Don’t go looking for a blofeld calibration routine to fix the pitchbend wheel.

Waldorf Blofeld Keyboard white, view on the pitchbend wheel

One day, my trusty Blofeld started drifting out of tune – pretty unusual behaviour for a digital synth. Even if it was in tune first, the drifting started as soon as I touched the pitchbend wheel, so I suspected that this was the culprit.

Blofeld wheelbox

Opening the Blofeld (all 18 screws on the bottom – remember?), removing the wheelbox, and measuring the pitchbend pot confirmed that the potentiometer was indeed damaged – while an end-to-end-measurement showed 9k, the end-to-mid-resistance could be virtually anywhere, screaming „Mechanical Damage!“ to me.

The potentiometer is 10k lin with a knurled 6.3mm shaft and an M10x0.75 mount. Waldorf seems to have used a Piher T-21Y type (datasheet). As I did not find something fitting in my parts boxes, I took it apart, cleaned it, adjusted the pickup spring, applied a bit of contact grease, refitted the pot and closed the Blofeld

And now for the good part…

Although I measured that the wheel now zeroed around the pot’s 5kOhm mark, it had most definitely shifted slightly, so I started looking for the calibration routine. There has to be a calibration routine, right?

But the good Blofeld seems to calibrate on power-up and on the first usage of the wheel – no calibration routine for the wheels needed. Phew!

Waldorf Blofeld Keyboard white, view on the pitchbend wheel

Important note: Be careful to ensure that the Molex connector for the wheelbox sits correctly – when I pulled the plug, the plastic holder for the pins got pulled towards the edge of the PCB so when I reattached the plug, it did not sit correctly. Rule of thumb: If the plastic of the connector is visible from the top, you might want to push it back under the PCB.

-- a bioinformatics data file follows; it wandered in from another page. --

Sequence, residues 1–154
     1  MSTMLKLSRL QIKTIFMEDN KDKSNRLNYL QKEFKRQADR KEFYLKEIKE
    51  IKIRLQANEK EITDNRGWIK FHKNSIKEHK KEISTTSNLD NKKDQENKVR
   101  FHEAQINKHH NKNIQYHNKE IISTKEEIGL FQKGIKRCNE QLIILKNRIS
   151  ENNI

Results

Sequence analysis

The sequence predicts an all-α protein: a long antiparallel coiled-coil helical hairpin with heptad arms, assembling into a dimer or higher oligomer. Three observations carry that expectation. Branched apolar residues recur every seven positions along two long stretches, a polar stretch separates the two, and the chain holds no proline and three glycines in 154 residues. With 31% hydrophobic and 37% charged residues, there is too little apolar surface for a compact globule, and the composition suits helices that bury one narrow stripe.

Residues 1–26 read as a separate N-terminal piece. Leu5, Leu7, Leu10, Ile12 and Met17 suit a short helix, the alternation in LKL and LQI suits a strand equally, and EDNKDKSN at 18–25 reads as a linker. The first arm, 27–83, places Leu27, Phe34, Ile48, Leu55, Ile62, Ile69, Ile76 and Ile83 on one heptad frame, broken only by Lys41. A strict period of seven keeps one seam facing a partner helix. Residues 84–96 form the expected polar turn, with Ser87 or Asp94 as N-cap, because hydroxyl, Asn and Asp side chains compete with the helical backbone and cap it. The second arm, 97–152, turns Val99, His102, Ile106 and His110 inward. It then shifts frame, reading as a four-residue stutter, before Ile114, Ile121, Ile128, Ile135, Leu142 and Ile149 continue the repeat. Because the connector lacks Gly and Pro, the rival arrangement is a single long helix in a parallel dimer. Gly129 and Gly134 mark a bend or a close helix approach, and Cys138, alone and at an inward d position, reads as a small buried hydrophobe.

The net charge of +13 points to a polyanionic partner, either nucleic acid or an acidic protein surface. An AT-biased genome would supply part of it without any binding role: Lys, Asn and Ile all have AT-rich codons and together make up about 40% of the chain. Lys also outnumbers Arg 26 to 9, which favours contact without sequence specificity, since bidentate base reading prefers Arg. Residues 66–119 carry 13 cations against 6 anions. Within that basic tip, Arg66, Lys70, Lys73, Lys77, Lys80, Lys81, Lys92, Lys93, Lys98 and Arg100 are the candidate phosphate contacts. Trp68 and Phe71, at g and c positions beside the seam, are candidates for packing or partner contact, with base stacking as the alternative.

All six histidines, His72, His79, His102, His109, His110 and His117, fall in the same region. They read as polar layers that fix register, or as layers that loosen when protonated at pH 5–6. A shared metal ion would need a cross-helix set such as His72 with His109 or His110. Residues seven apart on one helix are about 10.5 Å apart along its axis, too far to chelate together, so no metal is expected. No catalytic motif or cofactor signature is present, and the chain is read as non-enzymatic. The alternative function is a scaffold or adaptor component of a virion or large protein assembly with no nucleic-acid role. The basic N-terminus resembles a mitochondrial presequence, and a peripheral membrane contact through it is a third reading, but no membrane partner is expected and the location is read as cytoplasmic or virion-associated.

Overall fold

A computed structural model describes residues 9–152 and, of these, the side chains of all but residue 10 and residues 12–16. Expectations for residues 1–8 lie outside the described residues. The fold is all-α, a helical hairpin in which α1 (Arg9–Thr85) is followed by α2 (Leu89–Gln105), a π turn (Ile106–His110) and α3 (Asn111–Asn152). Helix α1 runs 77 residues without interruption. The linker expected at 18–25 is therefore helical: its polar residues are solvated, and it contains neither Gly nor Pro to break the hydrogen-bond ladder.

A new glide pot for Jenny

A bit of TLC for my oldest synthesizer: Jenny is getting a new potentiometer. As the synth’s pots were rather cheap, open types that gather dust, and are 40 years old now, they have become all scratchy and jumpy. As I have mentioned before, I am not the greatest fan of Kontakt spray and similar solvents/cleaners, so I bought replacements. But I never found the time to actually replace them.

JEN SX-1000's

This knob is a good place to start: The „glide“ potentiometer is in charge of portamento, and it is one of the first things that might make Jenny fail (see Neil Johnson’s site). A faulty glide pot means that the synth will only ever play the same note regardless of which key you press. So I did replace that pot, which is pretty straightforward – you’ll find some pictures in this gallery. (It is a 2.2M linear type BTW.)

Overview of potentiometer values

This is an overview of the potentiometer values, some of them are linear, some logarithmic, a few antilog. The most obvious candidates for replacement, apart from the glide pot, would be Frequency (100k) and Resonance (100k) for the filter, and Tune (10k).